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What a Fish Knows : The Inner Lives of Our Underwater Cousins
by Jonathan Balcombe


Overview -

A New York Times Bestseller

Do fishes think? Do they really have three-second memories? And can they recognize the humans who peer back at them from above the surface of the water? In What a Fish Knows , the myth-busting ethologist Jonathan Balcombe addresses these questions and more, taking us under the sea, through streams and estuaries, and to the other side of the aquarium glass to reveal the surprising capabilities of fishes.  Read more...


 
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More About What a Fish Knows by Jonathan Balcombe
 
 
 
Overview

A New York Times Bestseller

Do fishes think? Do they really have three-second memories? And can they recognize the humans who peer back at them from above the surface of the water? In What a Fish Knows, the myth-busting ethologist Jonathan Balcombe addresses these questions and more, taking us under the sea, through streams and estuaries, and to the other side of the aquarium glass to reveal the surprising capabilities of fishes. Although there are more than thirty thousand species of fish more than all mammals, birds, reptiles, and amphibians combined we rarely consider how individual fishes think, feel, and behave. Balcombe upends our assumptions about fishes, portraying them not as unfeeling, dead-eyed feeding machines but as sentient, aware, social, and even Machiavellian in other words, much like us.
What a Fish Knows draws on the latest science to present a fresh look at these remarkable creatures in all their breathtaking diversity and beauty. Fishes conduct elaborate courtship rituals and develop lifelong bonds with shoalmates. They also plan, hunt cooperatively, use tools, curry favor, deceive one another, and punish wrongdoers. We may imagine that fishes lead simple, fleeting lives a mode of existence that boils down to a place on the food chain, rote spawning, and lots of aimless swimming. But, as Balcombe demonstrates, the truth is far richer and more complex, worthy of the grandest social novel.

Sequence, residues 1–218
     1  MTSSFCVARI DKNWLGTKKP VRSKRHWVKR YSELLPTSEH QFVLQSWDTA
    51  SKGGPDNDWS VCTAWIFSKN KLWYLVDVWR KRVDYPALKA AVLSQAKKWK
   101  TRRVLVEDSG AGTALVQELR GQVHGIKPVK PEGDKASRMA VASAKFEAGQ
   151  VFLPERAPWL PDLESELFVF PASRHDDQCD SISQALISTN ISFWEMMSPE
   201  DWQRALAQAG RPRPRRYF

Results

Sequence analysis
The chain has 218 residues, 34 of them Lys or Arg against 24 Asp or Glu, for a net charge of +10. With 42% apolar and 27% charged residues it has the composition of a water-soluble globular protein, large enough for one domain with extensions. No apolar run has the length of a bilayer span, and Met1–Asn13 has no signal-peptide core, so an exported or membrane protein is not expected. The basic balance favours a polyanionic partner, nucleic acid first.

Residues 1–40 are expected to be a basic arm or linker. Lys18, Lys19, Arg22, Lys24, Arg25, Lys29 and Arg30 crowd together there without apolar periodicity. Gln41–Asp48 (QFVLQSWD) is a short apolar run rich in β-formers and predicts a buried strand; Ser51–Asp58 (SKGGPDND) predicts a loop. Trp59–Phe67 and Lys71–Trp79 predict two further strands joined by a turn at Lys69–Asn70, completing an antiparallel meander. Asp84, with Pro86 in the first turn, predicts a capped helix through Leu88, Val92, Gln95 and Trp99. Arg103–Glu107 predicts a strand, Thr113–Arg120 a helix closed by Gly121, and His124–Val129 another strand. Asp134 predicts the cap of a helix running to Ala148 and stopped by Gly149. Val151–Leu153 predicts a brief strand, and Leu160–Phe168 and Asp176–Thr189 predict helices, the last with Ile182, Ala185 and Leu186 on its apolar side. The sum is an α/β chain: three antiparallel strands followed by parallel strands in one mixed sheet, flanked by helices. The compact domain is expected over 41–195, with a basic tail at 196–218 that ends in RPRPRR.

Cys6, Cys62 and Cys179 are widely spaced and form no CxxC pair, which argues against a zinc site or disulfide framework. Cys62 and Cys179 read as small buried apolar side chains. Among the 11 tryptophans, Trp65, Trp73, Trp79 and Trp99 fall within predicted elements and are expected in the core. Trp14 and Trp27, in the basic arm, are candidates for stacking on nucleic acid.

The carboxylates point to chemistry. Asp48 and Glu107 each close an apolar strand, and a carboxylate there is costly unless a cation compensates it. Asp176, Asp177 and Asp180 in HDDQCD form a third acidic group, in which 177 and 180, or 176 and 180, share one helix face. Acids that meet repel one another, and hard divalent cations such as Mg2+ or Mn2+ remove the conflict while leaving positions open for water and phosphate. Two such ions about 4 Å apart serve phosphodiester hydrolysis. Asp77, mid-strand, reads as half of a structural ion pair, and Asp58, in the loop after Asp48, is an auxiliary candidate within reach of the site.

Highlighting breakthrough discoveries from fish enthusiasts and scientists around the world and pondering his own encounters with fishes, Balcombe examines the fascinating means by which fishes gain knowledge of the places they inhabit, from shallow tide pools to the deepest reaches of the ocean.
Teeming with insights and exciting discoveries, What a Fish Knows offers a thoughtful appraisal of our relationships with fishes and inspires us to take a more enlightened view of the planet s increasingly imperiled marine life. What a Fish Knows will forever change how we see our aquatic cousins the pet goldfish included.

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Details
  • ISBN-13: 9780374288211
  • ISBN-10: 0374288216
  • Publisher: Scientific American
  • Publish Date: June 2016
  • Page Count: 304
  • Dimensions: 8.3 x 5.8 x 1.3 inches
  • Shipping Weight: 0.95 pounds


Related Categories

Books > Nature > Animals - Fish
Books > Science > Life Sciences - Zoology - Ichthyology & Herpetology

 
Publishers Weekly Reviews

Publishers Weekly® Reviews

  • Reviewed in: Publishers Weekly, page .
  • Review Date: 2016-04-04
  • Reviewer: Staff

In this entertaining study, ethologist Balcombe (The Exultant Ark) points out that fish are some 60% of all vertebrates on earth, yet they receive little regard outside of being a source of food or object of sport. With the vivacious energy of a cracking good storyteller, Balcombe draws deeply from scientific studies and his own experience with fish to introduce readers to them as sentient creatures that live full lives governed by cognition and perception. He illustrates a piscine capacity for joy and pleasure in the case of a Midas cichlid that returns again and again to a trusted human to be stroked and sometimes held out of the water. Balcombe cites instances of alteration in one fish’s behavior when a traumatic event occurs to another fish in the same tank, concluding that the two are emotionally attuned to each other. Fish, he observes, also actively play with other creatures, and he offers examples that illustrate awareness and intention coupled with a sense of amusement. Balcombe makes a convincing case that fish possess minds and memories, are capable of planning and organizing, and cooperate with one another in webs of social relationships. Agent: Stacey Glick, Dystel & Goderich. (June)

 
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